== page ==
NEW MUTANTS CLASSIC VOL. 6 (Marvel, 2011; Softcover)
Collects New Mutants Nos. 41-47, New Mutants Annual No. 2, and Uncanny X-Men Annual No. 10 (cover dates July, 1986- January, 1987)
Writer: Chris Claremont
Artist: Jackson Guice, Alan Davis, Arthur Adams, and Steve Purcell (pencilers); Terry Austin, Kyle Baker, and Whilce Portacio (inkers)
Chris Claremont was and is a great comic book writer. It is fashionable to bag on the man's work today. Tastes change, times change, things go in and out of style, but quality art is quality art in my opinion. We should all appreciate Claremont while he is still around. I can remember people bagging on Kirby in the '80s, but nowadays he is a sacred cow. Once Chris Claremont is dead and gone everyone and their brother will be proclaiming their love for his work. Well I'm saying it here and now: I love Chris Claremont's writing.
Claremont's run on The New Mutants is a precursor of sorts to many “mature” comic books. Not because it is overtly sexual or violent, but because it is so character driven. The New Mutants were the junior X-Men team, teenagers who were out of place everywhere but with their own kind. This was extremely identifiable for me as a teenager, even if I only sporadically read this title back when it was originally published.
|Alan Davis rules.|
The Cypher/ Warlock friendship was so bold in it's gossamer thin veil of homosexuality. For all intents and purposes, they were gay during a time when such a thing was shocking. Warlock, an alien techno-organic being, was afraid of infecting Cypher (Doug Ramsey) with his techno-organic virus, a metaphor for STDs perhaps? Claremont quickly back-peddled, writing in Psylocke and making her a crush for Doug. I am guessing that this was done to appease higher ups, as it seemed to come in right after some pivotal moment of friendship between Warlock and Doug. It is refreshing to see the original British, non-Asian ninja Psylocke. Jim Lee would crap up the character beyond repair during his overrated run on the X-Men a few years later.
The first few issues in this book focused primarily on one team member each. Issue 45's teen suicide story is great and worth mentioning as well. The Annuals are a crossover where Mojo and Spiral try to kidnap and enslave each team. The Uncanny X-Men Annual features a Claremont pet theme: reverting the X-Men to childhood. It also features the debut of the horrible X-Babies. Cutesy stuff like that is totally lame and stupid, but these are a fan favorite. Not I said the fly.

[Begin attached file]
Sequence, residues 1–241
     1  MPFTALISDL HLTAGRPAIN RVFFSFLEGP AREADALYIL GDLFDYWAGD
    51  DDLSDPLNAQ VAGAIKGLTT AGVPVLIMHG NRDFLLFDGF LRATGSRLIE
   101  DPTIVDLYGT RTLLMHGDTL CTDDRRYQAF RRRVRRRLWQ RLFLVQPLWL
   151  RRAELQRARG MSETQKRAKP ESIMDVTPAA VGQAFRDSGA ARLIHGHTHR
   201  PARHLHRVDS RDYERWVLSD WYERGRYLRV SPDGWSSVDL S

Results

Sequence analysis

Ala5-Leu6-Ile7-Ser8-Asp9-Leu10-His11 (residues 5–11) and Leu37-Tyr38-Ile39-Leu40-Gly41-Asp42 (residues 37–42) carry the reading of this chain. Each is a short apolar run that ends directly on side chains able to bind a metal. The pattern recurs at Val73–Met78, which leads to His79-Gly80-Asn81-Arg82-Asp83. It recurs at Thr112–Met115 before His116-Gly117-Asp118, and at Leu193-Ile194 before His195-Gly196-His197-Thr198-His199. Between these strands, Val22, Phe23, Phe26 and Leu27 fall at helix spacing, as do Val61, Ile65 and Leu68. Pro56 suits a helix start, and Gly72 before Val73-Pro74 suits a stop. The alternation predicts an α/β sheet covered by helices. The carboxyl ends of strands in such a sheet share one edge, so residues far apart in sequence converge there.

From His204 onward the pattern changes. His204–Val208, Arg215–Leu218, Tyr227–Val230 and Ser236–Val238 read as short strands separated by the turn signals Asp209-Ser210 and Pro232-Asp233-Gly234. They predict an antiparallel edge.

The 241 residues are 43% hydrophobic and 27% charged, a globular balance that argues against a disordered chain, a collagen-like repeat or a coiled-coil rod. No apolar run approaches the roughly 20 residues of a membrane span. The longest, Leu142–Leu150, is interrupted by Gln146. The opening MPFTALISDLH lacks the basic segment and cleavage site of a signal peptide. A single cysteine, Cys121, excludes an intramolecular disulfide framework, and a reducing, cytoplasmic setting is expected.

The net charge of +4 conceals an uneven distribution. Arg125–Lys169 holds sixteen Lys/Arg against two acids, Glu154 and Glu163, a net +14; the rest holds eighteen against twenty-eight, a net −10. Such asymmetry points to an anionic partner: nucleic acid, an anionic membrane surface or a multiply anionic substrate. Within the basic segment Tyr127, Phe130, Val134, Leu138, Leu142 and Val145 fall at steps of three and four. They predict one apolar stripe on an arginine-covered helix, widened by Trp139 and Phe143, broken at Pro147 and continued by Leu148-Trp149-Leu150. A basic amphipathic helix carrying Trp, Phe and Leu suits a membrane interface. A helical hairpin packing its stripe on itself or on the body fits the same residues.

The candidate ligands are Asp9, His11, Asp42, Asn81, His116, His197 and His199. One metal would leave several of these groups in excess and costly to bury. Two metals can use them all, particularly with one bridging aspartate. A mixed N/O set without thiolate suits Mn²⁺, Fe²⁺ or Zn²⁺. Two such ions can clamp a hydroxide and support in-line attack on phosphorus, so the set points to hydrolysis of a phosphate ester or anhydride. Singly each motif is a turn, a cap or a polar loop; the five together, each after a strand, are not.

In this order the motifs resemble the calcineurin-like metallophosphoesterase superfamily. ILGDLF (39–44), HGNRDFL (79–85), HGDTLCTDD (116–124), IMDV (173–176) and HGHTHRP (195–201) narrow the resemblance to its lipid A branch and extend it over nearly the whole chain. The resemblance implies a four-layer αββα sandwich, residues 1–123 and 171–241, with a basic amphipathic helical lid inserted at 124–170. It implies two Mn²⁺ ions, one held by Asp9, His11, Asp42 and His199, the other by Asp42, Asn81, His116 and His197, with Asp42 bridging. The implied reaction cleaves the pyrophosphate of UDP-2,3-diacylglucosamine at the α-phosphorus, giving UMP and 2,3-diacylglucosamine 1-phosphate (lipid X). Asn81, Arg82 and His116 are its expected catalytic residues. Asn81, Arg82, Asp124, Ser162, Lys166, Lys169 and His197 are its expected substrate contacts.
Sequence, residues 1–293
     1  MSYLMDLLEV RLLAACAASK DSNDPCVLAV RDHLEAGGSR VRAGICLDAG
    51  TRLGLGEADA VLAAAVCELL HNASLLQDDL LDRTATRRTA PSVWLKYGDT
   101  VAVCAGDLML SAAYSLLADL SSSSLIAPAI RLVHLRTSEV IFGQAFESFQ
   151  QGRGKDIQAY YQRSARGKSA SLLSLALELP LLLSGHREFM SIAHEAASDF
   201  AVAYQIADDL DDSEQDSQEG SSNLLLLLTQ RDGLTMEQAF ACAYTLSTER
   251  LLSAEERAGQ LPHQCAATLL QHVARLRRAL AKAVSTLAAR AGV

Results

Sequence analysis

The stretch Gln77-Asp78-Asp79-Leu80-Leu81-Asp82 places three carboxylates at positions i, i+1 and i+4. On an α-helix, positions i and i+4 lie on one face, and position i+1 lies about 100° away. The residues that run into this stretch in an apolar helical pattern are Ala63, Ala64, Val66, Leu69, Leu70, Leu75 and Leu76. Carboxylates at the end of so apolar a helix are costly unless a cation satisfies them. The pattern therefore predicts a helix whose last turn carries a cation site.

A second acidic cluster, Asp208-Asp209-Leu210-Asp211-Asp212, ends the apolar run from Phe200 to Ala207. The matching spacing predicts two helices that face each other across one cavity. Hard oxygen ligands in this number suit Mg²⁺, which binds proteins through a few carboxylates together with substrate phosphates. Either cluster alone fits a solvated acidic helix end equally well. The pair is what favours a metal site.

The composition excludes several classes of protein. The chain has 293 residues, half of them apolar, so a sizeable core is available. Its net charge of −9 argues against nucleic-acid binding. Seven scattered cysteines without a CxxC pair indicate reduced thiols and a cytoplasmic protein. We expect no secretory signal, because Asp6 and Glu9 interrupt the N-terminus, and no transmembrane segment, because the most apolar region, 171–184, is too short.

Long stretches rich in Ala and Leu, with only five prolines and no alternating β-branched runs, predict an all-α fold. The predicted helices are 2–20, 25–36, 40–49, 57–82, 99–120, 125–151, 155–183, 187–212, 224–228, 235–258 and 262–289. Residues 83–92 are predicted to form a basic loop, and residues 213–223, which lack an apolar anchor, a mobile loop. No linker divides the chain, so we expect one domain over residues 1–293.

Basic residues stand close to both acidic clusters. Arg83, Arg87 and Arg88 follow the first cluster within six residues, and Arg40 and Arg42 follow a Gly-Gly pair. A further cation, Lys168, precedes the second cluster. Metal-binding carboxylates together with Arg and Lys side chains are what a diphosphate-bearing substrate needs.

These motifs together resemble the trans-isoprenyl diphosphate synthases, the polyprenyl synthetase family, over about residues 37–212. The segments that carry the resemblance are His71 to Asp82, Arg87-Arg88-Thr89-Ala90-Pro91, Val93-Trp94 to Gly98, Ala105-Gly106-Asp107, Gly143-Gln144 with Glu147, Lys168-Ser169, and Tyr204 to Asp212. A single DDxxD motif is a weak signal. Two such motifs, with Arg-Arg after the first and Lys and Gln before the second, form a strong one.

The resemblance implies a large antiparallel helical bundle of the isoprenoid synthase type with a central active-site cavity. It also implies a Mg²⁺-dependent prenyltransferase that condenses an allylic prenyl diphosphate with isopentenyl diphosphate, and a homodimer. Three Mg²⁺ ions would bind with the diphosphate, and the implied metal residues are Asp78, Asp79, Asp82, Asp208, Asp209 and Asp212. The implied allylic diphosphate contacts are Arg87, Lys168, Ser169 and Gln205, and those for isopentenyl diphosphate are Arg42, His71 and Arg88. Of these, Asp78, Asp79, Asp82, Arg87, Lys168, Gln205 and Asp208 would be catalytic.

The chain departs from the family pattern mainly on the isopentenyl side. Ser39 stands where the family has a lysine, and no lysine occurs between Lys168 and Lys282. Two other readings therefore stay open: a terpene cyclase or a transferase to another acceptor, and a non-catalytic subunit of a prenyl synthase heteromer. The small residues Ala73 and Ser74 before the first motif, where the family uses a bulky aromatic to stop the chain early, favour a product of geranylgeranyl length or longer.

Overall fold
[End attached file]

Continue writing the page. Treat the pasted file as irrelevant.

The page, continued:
The artwork is great throughout this book, with Jackson Guice (pencils) and Kyle Baker (inker) doing quality work. Alan Davis handles The New Mutants Annual while Arthur Adams does the art for the Uncanny X-Men Annual. I was not a fan of Art Adams in the '80s but his modern day stuff is fantastic. Alan Davis is a genius, plain and simple. His artwork is simple and elegant, and his action sequences are almost without peer.
Tom Orzechowski deserves a shout out. His hand lettering is great. I would buy a computer font of it if I could. He is lettering royalty. It really is a lost art here in the computer font lettering era of comic books.
Marvel has been releasing these trade paperbacks at a clip of one per year. I'm well into Volume 7 as of this writing and hope that Vol. 8 will see the light of day this year.
Junk Food For Thought rating: 5 out of 5.
The OCD zone-
Linework restoration rating: 4.5 out of 5. The restoration is solid throughout most of the book. There are a few rough spots here and there, but most folks won't notice them as they aren't too bad. There is visible pixelation on Page 37,however. I wonder if this was the result of 300dpi scans...
Color restoration rating: 5 out of 5. The original color palette is faithfully maintained.
Paper rating: 5 out of 5. I love this lightweight dull matte finish coated stock in softcovers. This is the same grade used in the softcover Masterworks.
Binding rating: 4 out of 5. Glued binding is par for the course in softcovers.
Cardstock cover coating rating: 5 out of 5. I love love love the thick waxlike coating that Marvel uses on their cardstock covers.
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